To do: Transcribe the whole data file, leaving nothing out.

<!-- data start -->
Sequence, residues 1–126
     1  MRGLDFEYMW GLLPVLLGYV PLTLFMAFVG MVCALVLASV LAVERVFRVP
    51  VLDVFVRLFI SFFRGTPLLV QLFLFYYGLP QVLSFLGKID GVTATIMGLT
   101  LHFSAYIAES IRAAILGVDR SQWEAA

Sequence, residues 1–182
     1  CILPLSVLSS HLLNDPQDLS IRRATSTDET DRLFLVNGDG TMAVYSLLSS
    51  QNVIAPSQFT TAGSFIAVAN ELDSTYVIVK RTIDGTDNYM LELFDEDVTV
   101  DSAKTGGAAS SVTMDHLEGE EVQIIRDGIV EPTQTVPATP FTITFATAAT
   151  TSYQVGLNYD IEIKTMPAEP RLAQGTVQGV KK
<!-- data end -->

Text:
Sequence, residues 1–126
     1  MRGLDFEYMW GLLPVLLGYV PLTLFMAFVG MVCALVLASV LAVERVFRVP
    51  VLDVFVRLFI SFFRGTPLLV QLFLFYYGLP QVLSFLGKID GVTATIMGLT
   101  LHFSAYIAES IRAAILGVDR SQWEAA

Sequence, residues 1–182
     1  CILPLSVLSS HLLNDPQDLS IRRATSTDET DRLFLVNGDG TMAVYSLLSS
    51  QNVIAPSQFT TAGSFIAVAN ELDSTYVIVK RTIDGTDNYM LELFDEDVTV
   101  DSAKTGGAAS SVTMDHLEGE EVQIIRDGIV EPTQTVPATP FTITFATAAT
   151  TSYQVGLNYD IEIKTMPAEP RLAQGTVQGV KK